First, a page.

Thomas Kjeller Johansen presents Aristotle as the father of faculty psychology, the "attempt to account for the multitude of psychological phenomena by reference to a few permanent or inborn psychological capacities." (1) Johansen offers a unified interpretation of the De Anima (DA) on which Aristotle is the first to systematically explain the full variety of living activities in terms of a limited number of constitutive capacities that define the soul. Aristotle defines the soul and explains the activities of living things by laying out three defining capacities of the soul: nutrition, perception, and intellect. He then uses these three fundamental capacities to account for further abilities such as locomotion and imagination (phantasia).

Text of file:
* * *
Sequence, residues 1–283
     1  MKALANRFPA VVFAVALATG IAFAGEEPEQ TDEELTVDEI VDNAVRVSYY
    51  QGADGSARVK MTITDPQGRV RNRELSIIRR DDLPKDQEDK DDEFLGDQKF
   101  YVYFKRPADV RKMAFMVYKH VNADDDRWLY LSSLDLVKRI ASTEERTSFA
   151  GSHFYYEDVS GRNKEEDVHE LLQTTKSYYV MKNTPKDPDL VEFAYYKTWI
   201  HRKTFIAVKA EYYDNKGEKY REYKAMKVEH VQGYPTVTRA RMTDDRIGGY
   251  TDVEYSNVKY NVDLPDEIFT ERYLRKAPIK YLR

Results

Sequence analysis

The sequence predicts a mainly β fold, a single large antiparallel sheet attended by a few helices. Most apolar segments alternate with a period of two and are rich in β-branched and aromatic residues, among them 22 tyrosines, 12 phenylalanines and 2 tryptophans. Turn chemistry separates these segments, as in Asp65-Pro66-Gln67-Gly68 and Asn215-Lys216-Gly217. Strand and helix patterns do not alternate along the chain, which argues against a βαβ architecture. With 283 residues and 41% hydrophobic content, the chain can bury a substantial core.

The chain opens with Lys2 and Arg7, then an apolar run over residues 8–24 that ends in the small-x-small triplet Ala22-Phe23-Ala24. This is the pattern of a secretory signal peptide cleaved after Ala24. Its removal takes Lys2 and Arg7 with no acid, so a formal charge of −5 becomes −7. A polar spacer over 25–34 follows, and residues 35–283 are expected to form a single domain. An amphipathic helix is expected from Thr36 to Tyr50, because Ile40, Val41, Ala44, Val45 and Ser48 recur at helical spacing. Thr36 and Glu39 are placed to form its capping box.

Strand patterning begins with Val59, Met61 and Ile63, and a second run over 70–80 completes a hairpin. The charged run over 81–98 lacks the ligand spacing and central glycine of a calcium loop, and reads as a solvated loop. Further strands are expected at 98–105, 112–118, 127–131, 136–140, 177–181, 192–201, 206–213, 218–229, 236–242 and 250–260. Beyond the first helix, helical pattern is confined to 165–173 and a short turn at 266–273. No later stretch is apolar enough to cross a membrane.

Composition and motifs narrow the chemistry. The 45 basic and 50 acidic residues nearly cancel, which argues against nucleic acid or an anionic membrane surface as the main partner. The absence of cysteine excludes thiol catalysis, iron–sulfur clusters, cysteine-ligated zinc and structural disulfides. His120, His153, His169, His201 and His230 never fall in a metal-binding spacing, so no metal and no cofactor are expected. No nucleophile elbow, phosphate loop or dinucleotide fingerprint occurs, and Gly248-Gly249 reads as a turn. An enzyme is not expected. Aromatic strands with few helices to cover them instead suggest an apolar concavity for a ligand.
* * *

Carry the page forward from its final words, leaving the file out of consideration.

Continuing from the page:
Johansen's work makes a significant contribution to our understanding of capacities and the soul in Aristotle and to our overall understanding of the DA. His interpretations are always carefully developed and show an excellent grasp of Aristotle's entire corpus, helpfully bringing in relevant texts from other works to illuminate both particular claims made in the DA and its overall method. I would recommend this work for all scholars working on Aristotle or on ancient understandings of powers or the soul. It may also prove of interest for those in contemporary philosophy who are working on the notion of powers (for example, Johansen's discussion in chapter 4 of how Aristotle specifies capacities and what explanatory work capacities do should prove informative and helpful to anyone interested in capacities). Johansen's focus, however, is on giving a consistent and well worked out interpretation of Aristotle's theory on its own terms.